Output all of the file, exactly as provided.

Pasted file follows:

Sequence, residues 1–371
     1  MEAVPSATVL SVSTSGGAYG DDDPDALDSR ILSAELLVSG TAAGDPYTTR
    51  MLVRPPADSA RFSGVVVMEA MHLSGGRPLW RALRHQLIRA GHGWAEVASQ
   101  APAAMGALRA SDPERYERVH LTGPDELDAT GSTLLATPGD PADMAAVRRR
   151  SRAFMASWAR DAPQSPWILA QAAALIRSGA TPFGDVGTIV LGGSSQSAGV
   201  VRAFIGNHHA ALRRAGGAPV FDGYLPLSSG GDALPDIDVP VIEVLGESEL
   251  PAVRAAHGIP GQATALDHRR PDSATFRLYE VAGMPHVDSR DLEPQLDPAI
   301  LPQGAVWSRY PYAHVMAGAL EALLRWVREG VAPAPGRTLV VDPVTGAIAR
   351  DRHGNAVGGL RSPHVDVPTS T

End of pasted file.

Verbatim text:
Sequence, residues 1–371
     1  MEAVPSATVL SVSTSGGAYG DDDPDALDSR ILSAELLVSG TAAGDPYTTR
    51  MLVRPPADSA RFSGVVVMEA MHLSGGRPLW RALRHQLIRA GHGWAEVASQ
   101  APAAMGALRA SDPERYERVH LTGPDELDAT GSTLLATPGD PADMAAVRRR
   151  SRAFMASWAR DAPQSPWILA QAAALIRSGA TPFGDVGTIV LGGSSQSAGV
   201  VRAFIGNHHA ALRRAGGAPV FDGYLPLSSG GDALPDIDVP VIEVLGESEL
   251  PAVRAAHGIP GQATALDHRR PDSATFRLYE VAGMPHVDSR DLEPQLDPAI
   301  LPQGAVWSRY PYAHVMAGAL EALLRWVREG VAPAPGRTLV VDPVTGAIAR
   351  DRHGNAVGGL RSPHVDVPTS T